Not your main point I know, but (questions of sound mind aside) I would say they are a good thing relative to nuclear, if I lived on a small crowded island which could be rendered largely uninhabitable by a significant nuclear accident.

Like Taiwan, where I live now.

That won't apply to you since I assume you are in the UK.

Oh wait...

Questions About Engine Size & Horse Power. - Avant

Chris87 - will you please moderate your language. This isn't the only thread where you have shown yourself in a poor light.

If you can't manage this, please go to another forum.

Questions About Engine Size & Horse Power. - Steveieb
Is there any evidence of the take up of three cylinder engines in the USA, which is the home of those smooth V8 s or on Australia, Canada, South Africa , Russia or China or is this just a European phenomenon
Questions About Engine Size & Horse Power. - badbusdriver
Is there any evidence of the take up of three cylinder engines in the USA, which is the home of those smooth V8 s or on Australia, Canada, South Africa , Russia or China or is this just a European phenomenon

V8's, especially American ones, are not actually that smooth. If you want smooth, you want a straight 6 or V12.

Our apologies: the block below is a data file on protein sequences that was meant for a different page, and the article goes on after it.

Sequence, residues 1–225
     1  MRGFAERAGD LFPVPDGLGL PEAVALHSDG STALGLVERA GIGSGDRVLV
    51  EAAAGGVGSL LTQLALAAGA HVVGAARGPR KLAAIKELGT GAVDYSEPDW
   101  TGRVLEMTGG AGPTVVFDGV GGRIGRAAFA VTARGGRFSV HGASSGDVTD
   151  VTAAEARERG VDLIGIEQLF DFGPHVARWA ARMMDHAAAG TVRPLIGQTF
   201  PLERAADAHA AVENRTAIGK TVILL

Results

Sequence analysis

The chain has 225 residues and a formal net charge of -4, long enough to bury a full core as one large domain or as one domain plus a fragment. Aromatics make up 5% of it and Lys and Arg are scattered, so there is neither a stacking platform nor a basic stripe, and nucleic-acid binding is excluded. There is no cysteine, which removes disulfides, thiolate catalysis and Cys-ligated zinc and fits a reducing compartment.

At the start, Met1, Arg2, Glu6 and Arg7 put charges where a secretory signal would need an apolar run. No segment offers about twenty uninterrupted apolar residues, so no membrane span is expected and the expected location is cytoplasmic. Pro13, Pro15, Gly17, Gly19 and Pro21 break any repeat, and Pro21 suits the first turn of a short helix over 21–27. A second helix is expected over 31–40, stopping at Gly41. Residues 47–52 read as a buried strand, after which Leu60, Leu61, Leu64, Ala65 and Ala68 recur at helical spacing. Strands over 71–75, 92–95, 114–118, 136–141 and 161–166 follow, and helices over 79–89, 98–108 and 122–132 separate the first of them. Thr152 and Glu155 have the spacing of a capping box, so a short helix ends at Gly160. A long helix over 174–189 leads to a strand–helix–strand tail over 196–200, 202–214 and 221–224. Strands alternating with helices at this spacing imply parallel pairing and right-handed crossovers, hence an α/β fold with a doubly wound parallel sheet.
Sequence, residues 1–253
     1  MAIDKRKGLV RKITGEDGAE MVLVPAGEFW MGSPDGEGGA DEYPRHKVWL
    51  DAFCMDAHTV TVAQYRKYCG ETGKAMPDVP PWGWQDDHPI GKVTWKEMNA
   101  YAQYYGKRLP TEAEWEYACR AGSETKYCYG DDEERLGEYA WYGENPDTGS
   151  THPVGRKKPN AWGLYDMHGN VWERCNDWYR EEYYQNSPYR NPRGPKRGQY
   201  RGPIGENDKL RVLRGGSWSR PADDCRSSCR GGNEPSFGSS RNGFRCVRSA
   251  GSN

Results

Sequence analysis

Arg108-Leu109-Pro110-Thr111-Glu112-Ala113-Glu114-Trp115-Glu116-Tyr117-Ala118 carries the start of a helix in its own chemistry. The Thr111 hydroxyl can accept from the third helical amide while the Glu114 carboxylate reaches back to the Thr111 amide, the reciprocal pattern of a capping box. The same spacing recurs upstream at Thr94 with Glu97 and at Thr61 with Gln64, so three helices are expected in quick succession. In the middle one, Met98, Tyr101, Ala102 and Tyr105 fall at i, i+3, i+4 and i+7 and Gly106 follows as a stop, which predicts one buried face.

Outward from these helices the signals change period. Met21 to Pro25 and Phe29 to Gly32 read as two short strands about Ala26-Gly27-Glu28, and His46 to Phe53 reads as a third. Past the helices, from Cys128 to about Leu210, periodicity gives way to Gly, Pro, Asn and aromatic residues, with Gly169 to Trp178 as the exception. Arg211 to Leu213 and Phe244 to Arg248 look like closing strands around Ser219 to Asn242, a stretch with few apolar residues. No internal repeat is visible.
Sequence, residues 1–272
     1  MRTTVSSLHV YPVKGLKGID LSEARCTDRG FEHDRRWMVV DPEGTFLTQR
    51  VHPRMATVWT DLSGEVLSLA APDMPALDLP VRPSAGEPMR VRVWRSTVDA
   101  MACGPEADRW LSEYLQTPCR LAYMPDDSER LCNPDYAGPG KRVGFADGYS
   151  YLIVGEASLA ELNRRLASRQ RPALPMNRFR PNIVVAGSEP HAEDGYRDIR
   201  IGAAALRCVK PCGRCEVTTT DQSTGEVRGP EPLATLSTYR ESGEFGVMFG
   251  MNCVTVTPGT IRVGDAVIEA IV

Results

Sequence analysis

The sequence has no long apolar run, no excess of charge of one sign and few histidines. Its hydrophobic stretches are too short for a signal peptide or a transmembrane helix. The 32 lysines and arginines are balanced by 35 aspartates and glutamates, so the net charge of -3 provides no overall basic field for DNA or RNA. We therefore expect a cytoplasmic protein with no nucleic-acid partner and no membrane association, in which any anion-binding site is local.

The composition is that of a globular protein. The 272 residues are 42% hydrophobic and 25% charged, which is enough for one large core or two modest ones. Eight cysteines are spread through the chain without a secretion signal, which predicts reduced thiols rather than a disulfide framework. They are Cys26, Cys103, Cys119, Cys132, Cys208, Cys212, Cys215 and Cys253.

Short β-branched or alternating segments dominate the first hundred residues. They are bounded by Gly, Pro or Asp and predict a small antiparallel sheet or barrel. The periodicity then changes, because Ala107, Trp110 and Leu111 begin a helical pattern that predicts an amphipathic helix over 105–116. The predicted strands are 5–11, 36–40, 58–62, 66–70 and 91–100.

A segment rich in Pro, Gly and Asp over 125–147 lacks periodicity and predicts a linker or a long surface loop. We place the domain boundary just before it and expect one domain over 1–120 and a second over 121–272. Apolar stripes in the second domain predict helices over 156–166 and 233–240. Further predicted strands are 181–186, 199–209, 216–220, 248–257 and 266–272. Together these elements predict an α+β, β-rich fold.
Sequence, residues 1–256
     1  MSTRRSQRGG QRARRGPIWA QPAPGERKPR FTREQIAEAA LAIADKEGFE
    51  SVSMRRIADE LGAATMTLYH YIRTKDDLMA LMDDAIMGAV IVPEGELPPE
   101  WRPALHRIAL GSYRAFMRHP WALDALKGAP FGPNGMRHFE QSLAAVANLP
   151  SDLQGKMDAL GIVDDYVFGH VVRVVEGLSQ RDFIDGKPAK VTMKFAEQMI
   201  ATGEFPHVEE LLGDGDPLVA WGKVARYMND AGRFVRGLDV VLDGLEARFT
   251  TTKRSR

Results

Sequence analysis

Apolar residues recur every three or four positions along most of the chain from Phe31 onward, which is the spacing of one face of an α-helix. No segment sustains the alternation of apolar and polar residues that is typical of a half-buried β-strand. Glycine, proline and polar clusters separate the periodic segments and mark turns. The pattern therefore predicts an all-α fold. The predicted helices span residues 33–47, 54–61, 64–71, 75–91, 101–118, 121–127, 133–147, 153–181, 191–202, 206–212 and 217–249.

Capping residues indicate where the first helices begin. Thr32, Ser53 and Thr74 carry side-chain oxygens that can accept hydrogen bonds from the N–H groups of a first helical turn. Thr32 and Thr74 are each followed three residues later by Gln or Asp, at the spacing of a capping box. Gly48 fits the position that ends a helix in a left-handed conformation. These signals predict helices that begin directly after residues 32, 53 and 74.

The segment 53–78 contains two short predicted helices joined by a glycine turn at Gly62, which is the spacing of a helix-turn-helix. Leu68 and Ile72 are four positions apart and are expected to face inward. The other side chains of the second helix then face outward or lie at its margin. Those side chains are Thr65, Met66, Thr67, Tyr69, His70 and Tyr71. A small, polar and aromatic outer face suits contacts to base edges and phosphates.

As for the take up of 3 cyl engines in places other than Europe. Plenty of 3 cyl cars in the USA, we just don't see them, as any films are going to be featuring V8 muscle cars just to fit in with the stereotype. Same goes for Canada and Australia, though in both of those, plus the USA, smaller cars are much more common in cities, you won't find many out in the sticks. Having spent a fair amount of time trawling through Autotrader South Africa, I know there are plenty of small basic cars available there, including Chinese and Indian stuff. Russia?, not sure about them, but I suspect there are low cost Chinese stuff available. China?, definitely heaps of cars out there with less than 4 cylinders. Yes the economy is very strong, but it is a huge country with a huge population, most of which are poor. So while they may dream of some huge white western SUV, most will be driving some 1, 2 or 3 cyl locally built contraption which offers all the crash protection of an empty crisp packet.